Ryland Barton

Kentucky Public Radio State Capitol Reporter

Ryland is the state capitol reporter for Kentucky Public Radio. He's covered politics and state government for NPR member stations KWBU in Waco and KUT in Austin. Always looking to put a face to big issues, Ryland's reporting has taken him to drought-weary towns in West Texas and relocated communities in rural China. He's covered breaking news like the 2014 shooting at Fort Hood Army Base and the aftermath of the fertilizer plant explosion in West, Texas. 

Ryland has a bachelor's degree from the University of Chicago and a master's degree in journalism from the University of Texas. He grew up in Lexington.

jan zeschky / Flickr (Creative Commons License)

A bill banning out-of-state brewers from owning distributors in Kentucky has won approval in the General Assembly and awaits final word from Gov. Steve Beshear, who has indicated his support.

Wikimedia Commons

Major telephone companies won’t have to offer basic landline service to residents in the 15 largest markets in the state if Gov. Steve Beshear signs a bill that passed the state Senate on Monday.

The so-called AT&T deregulation bill removes a requirement that “carriers of last resort” offer packages with 911 calling, operator service and unlimited local calls to those who ask for it in markets of more than 15,000 people.

lrc.state.ky.us

The Kentucky Chamber of Commerce spent the most cash lobbying in the General Assembly in the month of January.

According to the Legislative Ethics Commission groups spent nearly $1.8 million that month.

http://www.lrc.state.ky.us/pubinfo/photo.htm

The Kentucky House unanimously passed two bills to combat sex trafficking and child pornography in the state.

One bill would prevent those charged with having sex with a child prostitute from claiming they thought the child was over 18. Democratic Representative Sannie Overly says the bill goes along with legislation working its way through the U.S. Congress that amends federal trafficking statutes in the same way.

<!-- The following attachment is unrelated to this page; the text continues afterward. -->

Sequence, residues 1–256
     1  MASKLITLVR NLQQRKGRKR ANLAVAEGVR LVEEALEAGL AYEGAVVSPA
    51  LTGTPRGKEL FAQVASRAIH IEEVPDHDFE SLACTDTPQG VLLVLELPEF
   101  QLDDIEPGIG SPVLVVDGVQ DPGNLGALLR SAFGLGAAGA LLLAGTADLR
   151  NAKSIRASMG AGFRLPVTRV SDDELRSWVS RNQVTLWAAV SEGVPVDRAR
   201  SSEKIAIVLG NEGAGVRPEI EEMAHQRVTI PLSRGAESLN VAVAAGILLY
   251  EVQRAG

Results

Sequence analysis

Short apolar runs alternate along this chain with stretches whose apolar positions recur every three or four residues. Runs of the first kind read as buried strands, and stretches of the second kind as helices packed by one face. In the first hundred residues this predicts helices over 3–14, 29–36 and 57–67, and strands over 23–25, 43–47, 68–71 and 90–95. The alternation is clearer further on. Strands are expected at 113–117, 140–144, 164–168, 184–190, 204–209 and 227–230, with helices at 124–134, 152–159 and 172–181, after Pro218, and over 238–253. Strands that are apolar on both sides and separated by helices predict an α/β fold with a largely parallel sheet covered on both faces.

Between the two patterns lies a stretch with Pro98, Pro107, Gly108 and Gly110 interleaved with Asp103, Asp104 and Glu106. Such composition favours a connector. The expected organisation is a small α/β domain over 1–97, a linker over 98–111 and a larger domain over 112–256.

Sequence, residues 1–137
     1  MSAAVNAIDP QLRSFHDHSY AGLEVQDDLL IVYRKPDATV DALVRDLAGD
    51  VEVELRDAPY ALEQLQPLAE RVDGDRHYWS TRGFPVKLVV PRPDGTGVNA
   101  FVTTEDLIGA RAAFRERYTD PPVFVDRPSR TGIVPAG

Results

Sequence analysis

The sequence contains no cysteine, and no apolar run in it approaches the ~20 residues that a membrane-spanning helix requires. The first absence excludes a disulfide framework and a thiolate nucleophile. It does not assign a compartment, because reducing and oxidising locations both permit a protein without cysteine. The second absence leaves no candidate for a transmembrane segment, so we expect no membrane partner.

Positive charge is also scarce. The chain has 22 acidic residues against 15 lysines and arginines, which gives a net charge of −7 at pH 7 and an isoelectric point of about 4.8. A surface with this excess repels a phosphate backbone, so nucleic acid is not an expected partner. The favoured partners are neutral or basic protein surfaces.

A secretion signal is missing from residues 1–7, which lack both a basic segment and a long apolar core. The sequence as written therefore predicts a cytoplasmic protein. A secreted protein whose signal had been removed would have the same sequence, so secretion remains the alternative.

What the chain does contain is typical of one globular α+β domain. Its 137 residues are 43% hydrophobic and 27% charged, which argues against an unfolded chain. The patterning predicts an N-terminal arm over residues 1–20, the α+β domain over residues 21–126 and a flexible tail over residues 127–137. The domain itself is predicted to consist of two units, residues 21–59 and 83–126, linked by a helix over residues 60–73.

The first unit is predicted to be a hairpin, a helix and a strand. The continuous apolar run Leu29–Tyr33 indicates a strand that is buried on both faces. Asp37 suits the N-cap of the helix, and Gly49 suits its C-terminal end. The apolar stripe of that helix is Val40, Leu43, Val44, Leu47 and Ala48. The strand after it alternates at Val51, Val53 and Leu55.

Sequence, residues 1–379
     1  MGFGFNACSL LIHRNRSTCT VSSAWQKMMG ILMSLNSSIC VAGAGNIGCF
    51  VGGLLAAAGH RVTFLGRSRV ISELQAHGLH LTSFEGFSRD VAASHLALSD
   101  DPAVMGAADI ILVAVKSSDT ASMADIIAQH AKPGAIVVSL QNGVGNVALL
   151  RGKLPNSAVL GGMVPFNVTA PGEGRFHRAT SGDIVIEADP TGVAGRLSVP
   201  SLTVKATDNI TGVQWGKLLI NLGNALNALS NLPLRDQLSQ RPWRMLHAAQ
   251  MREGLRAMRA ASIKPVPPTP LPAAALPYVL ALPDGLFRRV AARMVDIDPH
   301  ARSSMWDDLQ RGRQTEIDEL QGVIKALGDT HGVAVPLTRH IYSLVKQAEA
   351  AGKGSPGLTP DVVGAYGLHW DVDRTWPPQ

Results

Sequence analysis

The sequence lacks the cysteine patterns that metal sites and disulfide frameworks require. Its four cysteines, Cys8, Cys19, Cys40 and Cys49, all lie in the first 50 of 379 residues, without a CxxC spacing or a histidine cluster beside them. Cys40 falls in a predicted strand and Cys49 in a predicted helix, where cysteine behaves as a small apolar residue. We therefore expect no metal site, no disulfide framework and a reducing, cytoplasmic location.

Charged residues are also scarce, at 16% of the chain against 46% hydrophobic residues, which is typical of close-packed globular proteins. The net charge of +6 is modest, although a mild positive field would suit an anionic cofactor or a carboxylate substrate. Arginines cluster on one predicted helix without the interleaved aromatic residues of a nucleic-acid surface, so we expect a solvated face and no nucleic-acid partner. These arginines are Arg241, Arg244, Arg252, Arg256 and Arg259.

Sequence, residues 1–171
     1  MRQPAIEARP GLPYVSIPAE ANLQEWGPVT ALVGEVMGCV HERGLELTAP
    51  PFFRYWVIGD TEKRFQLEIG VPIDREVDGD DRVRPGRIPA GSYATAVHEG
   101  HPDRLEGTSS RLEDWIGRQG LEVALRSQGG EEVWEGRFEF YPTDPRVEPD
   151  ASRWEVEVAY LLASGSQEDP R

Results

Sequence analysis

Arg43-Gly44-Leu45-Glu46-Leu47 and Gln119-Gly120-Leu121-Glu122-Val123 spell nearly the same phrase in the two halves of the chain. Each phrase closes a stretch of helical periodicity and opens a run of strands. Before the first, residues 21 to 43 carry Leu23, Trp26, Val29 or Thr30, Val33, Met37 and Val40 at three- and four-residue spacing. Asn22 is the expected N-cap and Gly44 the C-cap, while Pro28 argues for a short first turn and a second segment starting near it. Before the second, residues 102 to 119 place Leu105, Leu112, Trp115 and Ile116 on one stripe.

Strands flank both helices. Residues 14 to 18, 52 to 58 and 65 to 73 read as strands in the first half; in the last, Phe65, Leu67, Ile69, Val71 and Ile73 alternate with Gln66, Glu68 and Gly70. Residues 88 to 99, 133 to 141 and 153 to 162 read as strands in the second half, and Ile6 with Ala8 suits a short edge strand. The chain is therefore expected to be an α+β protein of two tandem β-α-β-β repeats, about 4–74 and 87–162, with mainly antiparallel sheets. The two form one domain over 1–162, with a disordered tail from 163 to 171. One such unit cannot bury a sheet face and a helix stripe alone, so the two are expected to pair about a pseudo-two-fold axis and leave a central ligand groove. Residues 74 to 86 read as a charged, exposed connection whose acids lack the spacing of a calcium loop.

http://www.lrc.ky.gov/

The state House on Friday passed a bill that would create a personnel policy for the troubled Legislative Research Commission, the state agency that provides staffers and research for legislators.

By Daderot (Daderot) [CC0 or CC0], via Wikimedia Commons

 

  A committee has nominated three candidates to replace former Kentucky Supreme Court Justice Will T. Scott, who resigned in January to enter the Republican race for governor.

Scott was elected to his seat on the state’s highest court in 2004, representing the 7thSupreme Court District covering much Eastern Kentucky.

The nominees announced Thursday are all Eastern Kentucky attorneys—David Allen Barber from Prestonsburg, Roger Donald Riggs from Mount Sterling and Janet Stumbo from Van Lear.

Eric Molina, Wikimedia Commons

The state’s drug courts might allow addicts to receive medically assisted drug therapy as part of court mandated treatment.

The move comes after White House drug czar Michael Botticelli said in February that drug courts that prohibit medical treatment would stop receiving federal funding.

LRC Public Information

The state Senate’s first public discussion of the House’s heroin bill on Wednesday highlighted the differences between the two chambers as they seek to address a surge in addiction throughout Kentucky.

The House bill focuses on treatment and enforcement that distinguishes between peddlers, mid-level traffickers and aggravated traffickers.

jan zeschky / Flickr (Creative Commons License)

Kentucky brewers have won another fight in the Frankfort beer battle: the state House voted on Tuesday to change a law that allows out-of-state brewers to own their own distributors.

The law presently allows Anheuser-Busch to own distributors in Owensboro and Louisville, which has been opposed by in-state micro-breweries.

LRC Public Information

The Kentucky House passed a bill Tuesday evening that would free telephone companies of the requirement to offer basic phone service to many of Kentucky’s densely populated areas.

Since 2006, major telephone providers like AT&T have been required by the state’s Public Service Commission to offer basic service like unlimited local calling, operator assistance and 9-1-1. Now, carriers are asking to be freed of that regulation so they can invest in their wireless networks.

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